Massage Therapists

Massage Therapists at Work

Massage therapy is a broad term referring to a number of health-related practices, including Swedish massage, sports massage, Rolfing, Shiatsu and acupressure, trigger point therapy, and reflexology. Although the techniques, or modalities, vary, most massage therapists (or masso-therapists) press and rub the skin and muscles. Relaxed muscles, improved blood circulation and joint mobility, reduced stress and anxiety, and decreased recovery time for sprains and injured muscles are just a few of the potential benefits of massage therapy. Massage therapists are sometimes called bodyworkers. The titles masseur and masseuse, once common, are now rare among those who use massage for therapy and rehabilitation. There are approximately 92,090 massage therapists employed in the United States.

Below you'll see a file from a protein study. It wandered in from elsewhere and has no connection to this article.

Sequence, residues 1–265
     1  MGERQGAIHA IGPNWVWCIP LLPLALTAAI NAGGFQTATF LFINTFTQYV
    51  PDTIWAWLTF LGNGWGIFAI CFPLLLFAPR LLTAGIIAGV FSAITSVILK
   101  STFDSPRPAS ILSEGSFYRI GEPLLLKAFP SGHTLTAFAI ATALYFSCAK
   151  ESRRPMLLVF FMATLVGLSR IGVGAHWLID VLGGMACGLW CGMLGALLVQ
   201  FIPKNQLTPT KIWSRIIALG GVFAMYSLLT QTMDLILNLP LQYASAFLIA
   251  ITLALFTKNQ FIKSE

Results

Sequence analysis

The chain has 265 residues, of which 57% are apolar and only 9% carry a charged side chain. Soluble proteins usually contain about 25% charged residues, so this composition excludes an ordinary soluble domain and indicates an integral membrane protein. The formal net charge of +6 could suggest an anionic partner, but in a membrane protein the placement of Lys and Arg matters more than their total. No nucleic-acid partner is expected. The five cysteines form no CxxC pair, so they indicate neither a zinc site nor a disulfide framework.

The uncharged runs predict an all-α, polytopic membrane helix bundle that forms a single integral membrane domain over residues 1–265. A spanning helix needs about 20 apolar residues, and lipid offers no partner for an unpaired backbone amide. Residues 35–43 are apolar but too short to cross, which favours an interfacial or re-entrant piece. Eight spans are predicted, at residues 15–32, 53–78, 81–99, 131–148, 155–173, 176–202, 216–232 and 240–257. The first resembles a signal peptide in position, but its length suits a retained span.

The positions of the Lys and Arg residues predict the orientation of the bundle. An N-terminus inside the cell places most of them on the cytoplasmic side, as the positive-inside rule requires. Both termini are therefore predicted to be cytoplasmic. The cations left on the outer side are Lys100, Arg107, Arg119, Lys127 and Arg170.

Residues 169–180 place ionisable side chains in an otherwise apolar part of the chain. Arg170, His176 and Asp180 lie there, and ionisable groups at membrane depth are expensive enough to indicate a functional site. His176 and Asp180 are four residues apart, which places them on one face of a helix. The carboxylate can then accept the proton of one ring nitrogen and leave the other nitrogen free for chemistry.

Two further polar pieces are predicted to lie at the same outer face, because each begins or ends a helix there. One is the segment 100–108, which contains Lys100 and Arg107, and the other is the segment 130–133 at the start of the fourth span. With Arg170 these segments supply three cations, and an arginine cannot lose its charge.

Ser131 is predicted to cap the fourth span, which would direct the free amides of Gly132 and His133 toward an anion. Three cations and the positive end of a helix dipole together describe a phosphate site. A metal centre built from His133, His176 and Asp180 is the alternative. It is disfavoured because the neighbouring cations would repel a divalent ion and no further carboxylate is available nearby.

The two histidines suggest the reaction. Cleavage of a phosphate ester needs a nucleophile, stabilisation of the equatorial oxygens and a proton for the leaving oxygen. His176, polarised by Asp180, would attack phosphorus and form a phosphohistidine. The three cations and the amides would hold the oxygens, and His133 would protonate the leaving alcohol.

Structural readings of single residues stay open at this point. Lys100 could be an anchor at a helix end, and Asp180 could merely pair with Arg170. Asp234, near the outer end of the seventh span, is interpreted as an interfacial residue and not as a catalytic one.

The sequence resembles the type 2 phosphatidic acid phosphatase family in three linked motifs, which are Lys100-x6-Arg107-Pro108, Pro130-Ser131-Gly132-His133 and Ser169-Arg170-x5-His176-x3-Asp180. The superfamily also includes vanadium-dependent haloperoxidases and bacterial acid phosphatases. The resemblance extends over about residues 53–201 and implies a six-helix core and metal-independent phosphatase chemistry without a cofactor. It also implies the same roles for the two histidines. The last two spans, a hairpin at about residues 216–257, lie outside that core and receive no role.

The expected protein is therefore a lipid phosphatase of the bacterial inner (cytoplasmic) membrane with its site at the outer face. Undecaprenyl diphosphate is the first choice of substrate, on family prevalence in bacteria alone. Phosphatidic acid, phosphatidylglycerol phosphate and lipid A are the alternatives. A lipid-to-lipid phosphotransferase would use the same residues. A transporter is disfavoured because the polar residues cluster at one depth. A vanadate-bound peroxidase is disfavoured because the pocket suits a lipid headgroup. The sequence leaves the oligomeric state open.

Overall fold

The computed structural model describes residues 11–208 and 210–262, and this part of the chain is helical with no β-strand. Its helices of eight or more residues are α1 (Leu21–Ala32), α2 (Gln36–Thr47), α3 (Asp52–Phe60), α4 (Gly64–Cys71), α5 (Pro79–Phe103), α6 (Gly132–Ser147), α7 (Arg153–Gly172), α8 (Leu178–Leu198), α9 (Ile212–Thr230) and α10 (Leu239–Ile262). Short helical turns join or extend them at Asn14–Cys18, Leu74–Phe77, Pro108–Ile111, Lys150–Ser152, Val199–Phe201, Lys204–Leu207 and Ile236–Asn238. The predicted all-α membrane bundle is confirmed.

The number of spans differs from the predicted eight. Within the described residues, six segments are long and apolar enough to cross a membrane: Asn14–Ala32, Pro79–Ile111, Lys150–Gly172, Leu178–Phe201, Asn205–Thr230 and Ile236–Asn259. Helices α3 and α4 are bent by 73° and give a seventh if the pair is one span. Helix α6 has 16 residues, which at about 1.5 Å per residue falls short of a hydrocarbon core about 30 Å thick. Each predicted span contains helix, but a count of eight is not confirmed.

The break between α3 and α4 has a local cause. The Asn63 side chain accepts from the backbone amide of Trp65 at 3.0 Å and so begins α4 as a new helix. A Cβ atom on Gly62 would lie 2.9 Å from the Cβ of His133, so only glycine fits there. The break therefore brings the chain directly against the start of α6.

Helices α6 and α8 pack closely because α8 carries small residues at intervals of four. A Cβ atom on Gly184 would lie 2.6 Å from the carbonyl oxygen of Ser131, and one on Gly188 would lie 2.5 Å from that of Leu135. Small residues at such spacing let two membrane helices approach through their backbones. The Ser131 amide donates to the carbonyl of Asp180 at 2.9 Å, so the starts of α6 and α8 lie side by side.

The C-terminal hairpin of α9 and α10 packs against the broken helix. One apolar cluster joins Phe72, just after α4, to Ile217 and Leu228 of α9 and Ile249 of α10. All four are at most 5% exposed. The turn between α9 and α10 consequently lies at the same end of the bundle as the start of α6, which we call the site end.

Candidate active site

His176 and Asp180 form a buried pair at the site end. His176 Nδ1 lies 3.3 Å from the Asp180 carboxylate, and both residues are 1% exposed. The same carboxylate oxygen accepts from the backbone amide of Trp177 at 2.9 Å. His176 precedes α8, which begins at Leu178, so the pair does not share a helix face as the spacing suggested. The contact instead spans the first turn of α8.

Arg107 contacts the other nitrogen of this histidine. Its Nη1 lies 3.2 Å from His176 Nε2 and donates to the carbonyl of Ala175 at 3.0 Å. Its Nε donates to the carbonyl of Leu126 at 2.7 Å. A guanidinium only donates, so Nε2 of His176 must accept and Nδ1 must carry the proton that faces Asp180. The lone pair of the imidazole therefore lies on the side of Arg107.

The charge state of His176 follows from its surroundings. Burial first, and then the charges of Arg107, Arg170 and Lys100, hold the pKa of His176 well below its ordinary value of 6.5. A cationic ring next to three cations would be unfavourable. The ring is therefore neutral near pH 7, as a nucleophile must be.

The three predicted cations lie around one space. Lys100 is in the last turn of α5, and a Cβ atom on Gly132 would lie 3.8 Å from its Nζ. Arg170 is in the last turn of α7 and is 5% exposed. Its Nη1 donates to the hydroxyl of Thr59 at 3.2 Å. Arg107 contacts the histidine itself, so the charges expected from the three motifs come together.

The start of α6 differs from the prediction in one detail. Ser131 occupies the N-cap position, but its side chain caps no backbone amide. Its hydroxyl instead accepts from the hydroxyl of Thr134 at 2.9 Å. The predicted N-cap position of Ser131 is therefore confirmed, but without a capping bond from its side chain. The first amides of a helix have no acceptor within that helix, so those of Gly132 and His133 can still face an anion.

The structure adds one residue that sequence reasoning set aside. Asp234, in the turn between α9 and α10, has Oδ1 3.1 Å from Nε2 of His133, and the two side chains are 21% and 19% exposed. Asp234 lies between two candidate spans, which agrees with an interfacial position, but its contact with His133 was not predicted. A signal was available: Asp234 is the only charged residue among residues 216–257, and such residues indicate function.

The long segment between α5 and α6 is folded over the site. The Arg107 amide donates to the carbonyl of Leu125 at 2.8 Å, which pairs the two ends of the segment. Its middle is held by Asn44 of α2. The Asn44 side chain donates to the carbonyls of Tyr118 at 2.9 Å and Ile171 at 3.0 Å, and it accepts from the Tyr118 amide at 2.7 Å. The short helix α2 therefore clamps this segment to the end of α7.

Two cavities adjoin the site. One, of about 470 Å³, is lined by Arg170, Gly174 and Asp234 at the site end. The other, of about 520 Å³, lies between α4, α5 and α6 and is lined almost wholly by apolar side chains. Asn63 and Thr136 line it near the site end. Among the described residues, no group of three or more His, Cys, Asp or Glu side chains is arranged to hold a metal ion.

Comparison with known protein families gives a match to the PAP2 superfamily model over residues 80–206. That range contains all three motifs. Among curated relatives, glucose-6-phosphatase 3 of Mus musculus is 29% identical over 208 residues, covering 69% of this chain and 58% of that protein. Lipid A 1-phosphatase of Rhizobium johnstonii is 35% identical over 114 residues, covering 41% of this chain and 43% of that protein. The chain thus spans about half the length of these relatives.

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Quick Facts
Alternate Title(s) Bodyworkers
Duties Press and rub the skin and muscles of patients to help reduce stress and anxiety and help them to recover from injury and achieve other health benefits
Salary Range Below $25,000 to $75,000
Work Environment Primarily Indoors
Best Geographical Location(s) Opportunities exist in all regions, but are best in metropolitan areas
Minimum Education Level
  • High School Diploma
  • Some Postsecondary Training
School Subjects
  • Biology
  • Health
  • Physical Education
Experience Clinical training
Personality Traits
  • Hands On
  • Helpful
  • Outgoing
  • Coaching/Physical Training
  • Interpersonal
  • Mechanical/Manual Dexterity
Certification or Licensing Required
Special Requirements None
Employment Prospects Good
Advancement Prospects Fair
Outlook Much Faster than the Average
Career Ladder
  • Self Employed, Health Service Director, or Massage Therapy Instructor
  • Massage Therapy Supervisor
  • Experienced Massage Therapist
  • Entry-Level Massage Therapist